For The Record: The Beautiful South ‘Welcome to the Beautiful South’

This weeks For The Record comes in the form of The Beautiful South‘s classic ‘Welcome to the Beautiful South‘.  Musing over the in’s and out’s of the record that at first listen surpassed the ears of Gigslutz contributor Jacob Flannery as merely a naively ‘catchy’ record that was forced upon him through perilous car journeys growing up, its now, on reflection, that he can truly understand the real magic of  heartbreak and love through the fourteen tracked record. 

Listening to ‘Song for Whoever’ blaring through the car speakers on trips to the seaside or even those laborious journeys to some god forsaken garden centre, The Beautiful South’s debut album was a common feature for me as a kid, and it somewhat stuck. Although to say it’s influenced my music tastes now, couldn’t be further from the truth, naively singing: “Jennifer, Alison, Phillipa, Sue, Deborah, Annabel, too ” on those boring journeys, continually mistaking lyrics and not even understanding what the hell Paul Heaton and David Hemingway were even rambling on about -sometimes for the best- it still made for timeless memories.

The-Beautiful-SouthThe Beautiful South 

Released back in 1989, it’s safe to say I first heard the record a considerable amount of years afterwards, however their continual rise in popularity ensured it wasn’t a record simply forgotten.  And neither was it a year forgotten. Sir Timothy John Berners-Lee, a British scientist, unknowingly stumbled across one of the best inventions of our time, creating the world wide web. Over in Europe the Berlin wall came crashing down, once again uniting East and West  Berliners. And for those of you out there addicted to Nintendo, the Game Boy was introduced to our shelves, instantly being scribbled down on all children’s Christmas wish lists. Top of the Pops was still in full swing and the two respectively known as lead singer and drummer/singer from the harmoniously jangly pop band The Housemartins, soon struck success with Welcome to The Beautiful South, released not long after The Housemartins split in 1988 – just as they were reaching the height of their success.

The Beautiful South-Song For Whoever

The Beautiful South, a name derived as some sarcastic comment on their firmly established northern roots paved way for a similar style of music to that of The Housemartins, somewhat differently seeing them flutter though female vocalists as quickly as Taylor Swift appears to flick through boyfriends. Merging socialist politics and some gospel style harmonies, the band were never short of angst and troublesome lyrics that were often terribly disguised by upbeat and infectious rhythms. Even initial artwork for the album, depicting a women holding a gun firmly in her mouth and a man lighting a cigarette, created a stir. With one chain store refusing to stock the album in case those impressionable youngsters embraced the idea of taking up smoking or partaking in some gun-gobbling frenzy, the cover was soon changed to feature two images of teddies – It’s fair to say they received the message.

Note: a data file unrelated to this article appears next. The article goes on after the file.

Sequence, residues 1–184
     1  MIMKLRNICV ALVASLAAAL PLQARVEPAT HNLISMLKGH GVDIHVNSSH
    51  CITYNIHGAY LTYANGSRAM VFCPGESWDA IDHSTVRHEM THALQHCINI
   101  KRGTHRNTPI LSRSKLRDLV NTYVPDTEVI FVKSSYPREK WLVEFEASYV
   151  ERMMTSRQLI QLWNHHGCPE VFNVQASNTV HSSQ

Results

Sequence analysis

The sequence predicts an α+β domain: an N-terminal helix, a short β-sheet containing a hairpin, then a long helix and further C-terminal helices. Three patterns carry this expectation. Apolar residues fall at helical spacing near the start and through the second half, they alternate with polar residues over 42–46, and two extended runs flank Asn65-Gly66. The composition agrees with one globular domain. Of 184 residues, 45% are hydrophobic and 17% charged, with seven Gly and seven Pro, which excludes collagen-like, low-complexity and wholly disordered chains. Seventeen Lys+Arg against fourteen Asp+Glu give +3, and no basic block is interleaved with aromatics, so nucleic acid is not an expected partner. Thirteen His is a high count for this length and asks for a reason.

Riding off their previous successes, single ‘Song for Whoever’ charted at number 2 on the UK singles chart with ‘You Keep It All In’ peaking at number 8 and ‘I’ll Sail This Ship Alone’ making its way to number 31. Welcome to The Beautiful South certainly established the band and paved way for numerous more successful records which has made them a household name within their genre. But, if a records success simply boils down to its triumph in the charts, and the amount of money artists reel in, there’s really a sense of sadness to it all:

“Depends upon the tears you weep,
So cry, lovey cry
Cry, cry, cry

Oh Cathy, oh Alison, oh Phillipa, oh Sue
You made me so much money,
I wrote this song for you

Deep so deep, the number one I hope to reap”  

Well, maybe for The Beautiful South chart success wasn’t a notion far from their minds. Lyrics from ‘Song for whoever’ speak from the cynical view of a deprived writer who uses the misfortune of their pencil case lovers solely for the purpose of finding new lyrics for their songs. Speaking about the exploitive nature of pop songs, swooning vocals and stylish piano melodies  bring a seemingly heartfelt tone, only adding to the satirical demeanour of those careless lyrics. With a similar bitter sweet humour  ‘You Keep it all in’, expresses relationship struggles as Heaton and guest singer Briana Corrigan (who was later recruited to become a full member of the band) squabble in turn verse after verse arguing to and fro:

“I need a little time
To think it over
I need a little space
Just on my own
I need a little time
To find my freedom
I need a little

Funny how quick the milk turns sour
Isn’t it, isn’t it”


The Beautiful South-You Keep It All In

Continuing this theme of troublesome relationships ‘I’ll Sail This Ship Along’ blatantly stands apart for its solitude . Relaxed vocals bring a sense of fatigue, carrying heavy feelings of loneliness as Heaton rhetorically asks for his relationship to continue: “If, if you swear that you no longer care
Well then I’ll sail this ship alone”. Submissive throughout it feels as though any relationship has already reached its climax, with specs of hope only adding to its desuetude.

Listening to this record now it’s hard to image how it could possibly have appealed to my childish ears.  However, aside from the sarcastic and bitter lyrics the likes of ‘Girlfriend’ are bursting with upbeat orchestral instruments and ‘Have You Ever Been Aware’ is uplifting with its jazz pop beats. To my naive immaturity Welcome to the Beautiful South certainly had its allure, but now listening back to the familiar record it’s never been more apparent to hear the tormented thoughts exploring the negligence of relationships and love.



Jacob Flannery



Jacob Flannery

Jacob Flannery

Jacob Flannery

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